Origin of twain
Examples from the Web for twain
Twain taught me that although the act of writing is solitary, the context that sustains it is social.
Twain found a way forward by making friends with other young writers.
In 1861, the year Twain went to Nevada, it had more than five thousand.
I also love Shakespeare, without claiming to be particularly knowledgeable, and Twain and all the rest.Poet of the Ozarks: Daniel Woodrell on His New Book and Life|Allen Barra|July 7, 2013|DAILY BEAST
By horseback and hoof, Twain takes us from the Mormon Theocracy of Utah to the wide-open craziness in the Sierra mining fields.Book Bag: Timothy Egan’s Five Favorite Travel Books|Timothy Egan|October 23, 2012|DAILY BEAST
The cheerful one of the twain lit a cigarette; and in the process received the glad eye from a passing siren of striking aspect.Men, Women and Guns|H. C. (Herman Cyril) McNeile
When the nation was rent in twain, Lincoln, the propitiator, counselled conciliation.Masterpieces of Negro Eloquence|Various
Dost remember the mace which belonged to thy brother, and how I cut its handle in twain?Wulnoth the Wanderer|Herbert Escott-Inman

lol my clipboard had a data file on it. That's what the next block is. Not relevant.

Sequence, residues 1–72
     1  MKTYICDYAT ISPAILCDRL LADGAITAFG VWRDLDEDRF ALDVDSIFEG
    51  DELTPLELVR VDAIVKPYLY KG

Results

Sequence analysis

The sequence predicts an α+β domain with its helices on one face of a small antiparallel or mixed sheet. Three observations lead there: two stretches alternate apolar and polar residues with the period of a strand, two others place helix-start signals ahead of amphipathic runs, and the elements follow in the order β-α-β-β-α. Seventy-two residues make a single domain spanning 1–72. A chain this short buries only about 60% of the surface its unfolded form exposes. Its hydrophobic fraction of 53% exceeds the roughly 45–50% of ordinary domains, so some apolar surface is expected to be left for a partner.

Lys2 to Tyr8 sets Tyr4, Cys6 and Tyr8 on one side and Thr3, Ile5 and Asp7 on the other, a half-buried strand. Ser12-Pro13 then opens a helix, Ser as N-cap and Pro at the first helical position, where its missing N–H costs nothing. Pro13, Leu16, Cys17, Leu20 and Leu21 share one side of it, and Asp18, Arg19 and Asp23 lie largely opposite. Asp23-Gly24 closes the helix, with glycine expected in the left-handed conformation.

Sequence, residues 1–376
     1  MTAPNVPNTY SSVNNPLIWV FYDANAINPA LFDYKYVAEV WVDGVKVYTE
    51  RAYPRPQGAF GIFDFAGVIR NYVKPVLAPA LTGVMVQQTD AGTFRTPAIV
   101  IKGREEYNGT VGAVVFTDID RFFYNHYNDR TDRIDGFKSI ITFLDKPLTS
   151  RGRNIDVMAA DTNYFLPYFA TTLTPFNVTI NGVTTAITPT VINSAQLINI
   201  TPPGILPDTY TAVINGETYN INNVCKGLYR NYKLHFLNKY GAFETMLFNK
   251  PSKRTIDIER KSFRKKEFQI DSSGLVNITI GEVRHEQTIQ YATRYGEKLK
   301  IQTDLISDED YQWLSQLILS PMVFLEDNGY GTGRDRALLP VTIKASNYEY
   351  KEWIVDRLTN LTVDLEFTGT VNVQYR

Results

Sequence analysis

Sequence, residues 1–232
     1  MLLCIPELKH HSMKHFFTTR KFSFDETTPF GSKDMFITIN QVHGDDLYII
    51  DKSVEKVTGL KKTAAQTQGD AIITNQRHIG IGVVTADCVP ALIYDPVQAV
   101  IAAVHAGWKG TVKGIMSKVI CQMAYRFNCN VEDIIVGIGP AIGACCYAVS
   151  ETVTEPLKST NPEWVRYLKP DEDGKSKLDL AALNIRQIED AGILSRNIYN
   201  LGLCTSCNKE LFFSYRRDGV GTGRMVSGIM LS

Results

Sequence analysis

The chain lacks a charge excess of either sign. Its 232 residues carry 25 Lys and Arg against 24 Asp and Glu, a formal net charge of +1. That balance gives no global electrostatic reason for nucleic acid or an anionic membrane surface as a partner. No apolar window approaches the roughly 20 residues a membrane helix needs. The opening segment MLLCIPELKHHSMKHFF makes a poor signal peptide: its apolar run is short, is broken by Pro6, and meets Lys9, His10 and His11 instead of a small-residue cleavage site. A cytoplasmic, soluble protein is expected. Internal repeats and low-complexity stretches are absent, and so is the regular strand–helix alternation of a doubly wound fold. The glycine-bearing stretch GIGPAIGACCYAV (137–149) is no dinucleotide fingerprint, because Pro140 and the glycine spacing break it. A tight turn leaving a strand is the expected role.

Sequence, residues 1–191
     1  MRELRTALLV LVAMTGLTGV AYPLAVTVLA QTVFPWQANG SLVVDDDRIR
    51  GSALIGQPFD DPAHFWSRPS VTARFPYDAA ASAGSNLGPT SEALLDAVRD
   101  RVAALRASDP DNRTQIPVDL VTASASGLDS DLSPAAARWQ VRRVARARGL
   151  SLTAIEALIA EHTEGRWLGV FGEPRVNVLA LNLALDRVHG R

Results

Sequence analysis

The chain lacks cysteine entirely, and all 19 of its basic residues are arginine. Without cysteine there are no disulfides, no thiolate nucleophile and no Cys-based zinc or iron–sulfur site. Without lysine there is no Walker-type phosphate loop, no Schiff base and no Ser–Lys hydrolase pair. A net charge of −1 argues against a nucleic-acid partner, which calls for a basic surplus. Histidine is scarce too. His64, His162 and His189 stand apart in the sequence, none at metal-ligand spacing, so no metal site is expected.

Dame Ute and her daughter, / thither passed the twain With train of fair attendants / unto a hall full wide.The Nibelungenlied|Unknown
But for us twain and for these dead ones shall the end of ends be Life, or shall it be Death?She|H. Rider Haggard
Word Origin for twain
Old English twegen (masc.) "two" (masc. nominative and accusative), from Proto-Germanic *twa- (see two). The word outlasted the breakdown of gender in Middle English and survived as a secondary form of two, especially in cases where the numeral follows a noun. Its continuation into modern times was aided by its use in KJV and the Marriage Service, in poetry (where it is a useful rhyme word), and in oral use where it is necessary to be clear that two and not to or too is meant.